Not only would that plan mean greater difficulties for those seeking asylum, it also threatens to set a precedent for countries outside the EU, and even redefine the Geneva Convention on Human Rights. By limiting the definition of who can be considered a "true" refugee, it could restrict the rights of refugees and asylum seekers worldwide. read more

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The Real Meaning of Kosovo (8/98)

During a popular morning show in Hungary, police revealed the images of suspects in the high-profile murder of a prominent businessman earlier this year. As the news report continued, the camera zoomed in on the face of the key suspect until his face covered the entire screen, continuing until all one saw were his eyes, staring menacingly. The announcer’s tone of voice reinforced the effect, searing into viewers’ consciousness that this was a Kosovo Albanian.

Ever since the murder, the Hungarian media has taken every opportunity to reiterate that the suspects were thought to be — and are now positively identified to be — Kosovo Albanians.While such media techniques may be suitable for art or entertainment, they’re not appropriate for news. In terms of propaganda, however, they’re very effective, coming precariously close to brainwashing. read more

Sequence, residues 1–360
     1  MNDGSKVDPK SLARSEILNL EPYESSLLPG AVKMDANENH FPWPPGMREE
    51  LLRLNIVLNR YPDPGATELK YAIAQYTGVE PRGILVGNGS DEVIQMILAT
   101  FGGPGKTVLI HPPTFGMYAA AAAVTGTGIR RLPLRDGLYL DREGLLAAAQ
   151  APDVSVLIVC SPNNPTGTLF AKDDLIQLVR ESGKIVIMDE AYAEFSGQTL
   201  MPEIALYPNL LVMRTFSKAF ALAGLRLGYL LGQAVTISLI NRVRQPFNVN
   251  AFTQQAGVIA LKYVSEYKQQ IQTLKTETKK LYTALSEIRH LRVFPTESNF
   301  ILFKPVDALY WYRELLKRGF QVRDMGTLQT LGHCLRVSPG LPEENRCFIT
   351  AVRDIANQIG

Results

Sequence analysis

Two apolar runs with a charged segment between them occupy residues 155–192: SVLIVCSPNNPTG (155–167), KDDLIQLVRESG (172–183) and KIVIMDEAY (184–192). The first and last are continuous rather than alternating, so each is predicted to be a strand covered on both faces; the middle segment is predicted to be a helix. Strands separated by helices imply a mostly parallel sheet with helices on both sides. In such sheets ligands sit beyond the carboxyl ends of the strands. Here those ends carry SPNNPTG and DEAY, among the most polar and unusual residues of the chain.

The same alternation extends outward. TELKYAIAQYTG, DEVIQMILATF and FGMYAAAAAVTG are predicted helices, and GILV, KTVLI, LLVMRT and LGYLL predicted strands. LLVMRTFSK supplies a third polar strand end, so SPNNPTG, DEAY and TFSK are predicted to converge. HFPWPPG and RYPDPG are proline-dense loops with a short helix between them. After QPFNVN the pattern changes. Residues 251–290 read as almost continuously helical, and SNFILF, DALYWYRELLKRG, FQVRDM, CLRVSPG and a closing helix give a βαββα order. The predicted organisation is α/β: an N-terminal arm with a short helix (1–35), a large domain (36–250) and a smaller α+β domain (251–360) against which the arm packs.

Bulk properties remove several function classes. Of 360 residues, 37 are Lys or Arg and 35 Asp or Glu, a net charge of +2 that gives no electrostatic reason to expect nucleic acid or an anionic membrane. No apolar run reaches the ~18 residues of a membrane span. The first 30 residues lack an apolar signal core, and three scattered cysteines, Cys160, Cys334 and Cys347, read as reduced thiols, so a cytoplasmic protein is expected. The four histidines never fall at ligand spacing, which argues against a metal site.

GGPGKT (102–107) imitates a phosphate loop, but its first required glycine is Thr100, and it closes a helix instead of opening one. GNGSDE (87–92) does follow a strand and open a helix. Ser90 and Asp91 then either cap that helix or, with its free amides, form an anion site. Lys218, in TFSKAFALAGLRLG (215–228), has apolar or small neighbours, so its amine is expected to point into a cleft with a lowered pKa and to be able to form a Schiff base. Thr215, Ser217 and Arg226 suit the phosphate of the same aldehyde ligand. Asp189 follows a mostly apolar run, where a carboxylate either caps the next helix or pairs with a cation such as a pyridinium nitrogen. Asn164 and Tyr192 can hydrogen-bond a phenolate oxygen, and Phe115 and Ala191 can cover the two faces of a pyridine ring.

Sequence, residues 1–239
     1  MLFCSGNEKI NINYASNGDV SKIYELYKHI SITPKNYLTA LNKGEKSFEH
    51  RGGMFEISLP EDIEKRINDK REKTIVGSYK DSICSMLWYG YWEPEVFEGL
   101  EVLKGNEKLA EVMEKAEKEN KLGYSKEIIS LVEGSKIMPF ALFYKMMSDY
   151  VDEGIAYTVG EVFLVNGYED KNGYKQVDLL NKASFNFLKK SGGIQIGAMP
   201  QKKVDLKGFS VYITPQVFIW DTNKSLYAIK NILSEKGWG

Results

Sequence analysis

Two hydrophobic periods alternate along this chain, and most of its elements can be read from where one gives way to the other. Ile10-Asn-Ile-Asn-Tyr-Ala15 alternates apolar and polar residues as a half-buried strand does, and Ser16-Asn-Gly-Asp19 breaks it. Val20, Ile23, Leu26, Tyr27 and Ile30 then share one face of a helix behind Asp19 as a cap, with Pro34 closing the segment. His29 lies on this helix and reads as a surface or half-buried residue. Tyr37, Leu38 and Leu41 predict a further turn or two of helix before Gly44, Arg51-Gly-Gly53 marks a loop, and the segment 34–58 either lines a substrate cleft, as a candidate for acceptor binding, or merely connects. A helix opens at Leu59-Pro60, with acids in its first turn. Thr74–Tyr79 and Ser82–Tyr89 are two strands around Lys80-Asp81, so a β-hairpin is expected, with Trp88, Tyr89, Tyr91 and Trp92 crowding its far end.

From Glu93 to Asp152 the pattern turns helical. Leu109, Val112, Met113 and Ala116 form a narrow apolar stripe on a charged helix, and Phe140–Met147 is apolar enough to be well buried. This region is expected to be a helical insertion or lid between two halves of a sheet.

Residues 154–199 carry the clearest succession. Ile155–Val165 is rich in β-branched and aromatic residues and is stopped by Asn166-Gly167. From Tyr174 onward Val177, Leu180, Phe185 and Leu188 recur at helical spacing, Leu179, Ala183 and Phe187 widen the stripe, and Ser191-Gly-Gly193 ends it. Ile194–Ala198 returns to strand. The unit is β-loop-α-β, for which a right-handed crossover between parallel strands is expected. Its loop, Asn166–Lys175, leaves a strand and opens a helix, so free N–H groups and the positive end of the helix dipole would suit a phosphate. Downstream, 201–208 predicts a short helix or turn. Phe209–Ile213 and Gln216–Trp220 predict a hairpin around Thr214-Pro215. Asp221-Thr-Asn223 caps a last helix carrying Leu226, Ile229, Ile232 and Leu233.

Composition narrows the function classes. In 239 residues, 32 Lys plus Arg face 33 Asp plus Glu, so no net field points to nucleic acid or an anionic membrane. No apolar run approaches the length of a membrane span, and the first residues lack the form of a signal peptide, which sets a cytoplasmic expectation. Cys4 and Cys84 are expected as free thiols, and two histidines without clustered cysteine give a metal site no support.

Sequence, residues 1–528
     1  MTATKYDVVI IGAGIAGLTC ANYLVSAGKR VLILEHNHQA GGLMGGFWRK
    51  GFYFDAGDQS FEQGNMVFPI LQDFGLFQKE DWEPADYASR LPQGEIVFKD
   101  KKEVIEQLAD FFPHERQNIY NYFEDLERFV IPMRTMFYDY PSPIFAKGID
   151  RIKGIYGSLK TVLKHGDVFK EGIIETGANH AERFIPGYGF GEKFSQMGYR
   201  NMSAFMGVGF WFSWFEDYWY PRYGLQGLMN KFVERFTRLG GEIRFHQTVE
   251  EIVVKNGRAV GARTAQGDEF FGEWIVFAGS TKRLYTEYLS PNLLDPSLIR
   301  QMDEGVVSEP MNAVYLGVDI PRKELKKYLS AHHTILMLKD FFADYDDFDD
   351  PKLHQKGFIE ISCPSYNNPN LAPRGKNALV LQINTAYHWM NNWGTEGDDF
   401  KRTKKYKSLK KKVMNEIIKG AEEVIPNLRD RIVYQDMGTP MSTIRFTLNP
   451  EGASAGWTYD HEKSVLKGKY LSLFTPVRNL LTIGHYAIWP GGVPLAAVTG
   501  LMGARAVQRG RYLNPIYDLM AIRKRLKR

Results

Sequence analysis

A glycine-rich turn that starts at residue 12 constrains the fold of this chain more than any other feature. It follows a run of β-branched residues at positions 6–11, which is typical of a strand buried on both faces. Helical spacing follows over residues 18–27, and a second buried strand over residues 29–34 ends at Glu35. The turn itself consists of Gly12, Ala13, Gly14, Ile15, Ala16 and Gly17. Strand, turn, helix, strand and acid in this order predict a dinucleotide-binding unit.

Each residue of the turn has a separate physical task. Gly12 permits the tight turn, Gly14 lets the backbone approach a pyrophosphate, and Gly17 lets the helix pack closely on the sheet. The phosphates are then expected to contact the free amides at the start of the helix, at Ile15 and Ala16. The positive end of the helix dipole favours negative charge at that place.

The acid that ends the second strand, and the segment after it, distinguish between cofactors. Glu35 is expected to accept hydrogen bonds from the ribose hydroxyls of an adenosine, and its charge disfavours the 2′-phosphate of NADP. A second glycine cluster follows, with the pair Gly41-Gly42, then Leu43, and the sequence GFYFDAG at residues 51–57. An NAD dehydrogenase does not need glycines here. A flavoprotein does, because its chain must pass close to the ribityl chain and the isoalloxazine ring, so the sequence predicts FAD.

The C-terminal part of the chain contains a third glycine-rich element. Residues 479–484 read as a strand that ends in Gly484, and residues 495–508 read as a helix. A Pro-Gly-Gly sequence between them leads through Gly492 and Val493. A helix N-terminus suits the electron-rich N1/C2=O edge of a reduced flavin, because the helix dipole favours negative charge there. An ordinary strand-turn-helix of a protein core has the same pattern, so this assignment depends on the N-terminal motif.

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Hungary: Access Deferred (3/98)

It’s no secret that Eastern Europe is still struggling under the burden of its transition from communism. Internet usage reflects both the pace of change and the attitudes toward it. And particularly in Bulgaria, the prospects don’t look promising.

Many Bulgarians tend to approach their problems by insisting at the outset that the situation is hopeless. This overriding apathy permeates society, which partly explains why the Internet has so far made very little impact here. People live basically from day to day. Most of their plans are short-term at best. They’re wary of trying anything new unless financial rewards are high and immediate. In the West, Internet activity is viewed by many as vaguely anti- establishment. This is fine when a society’s development is sufficient to tolerate — and even accommodate — anti-establishment attitudes and activities. However, in the developing democracies, still within a period of transition (i.e., from past to present; dictatorship to "democracy"), these attitudes are noticeably absent. But Bulgaria not only lags behind Western countries, but other developing democracies: With the exception of Albania, it’s one of the most undeveloped. As a result, rather than developing an anti- establishment "telematic culture" (one that uses telecommunications and information technology), people devote most of their energy to being part of the establishment in hopes of attaining a certain amount of economic security and social mobility. read more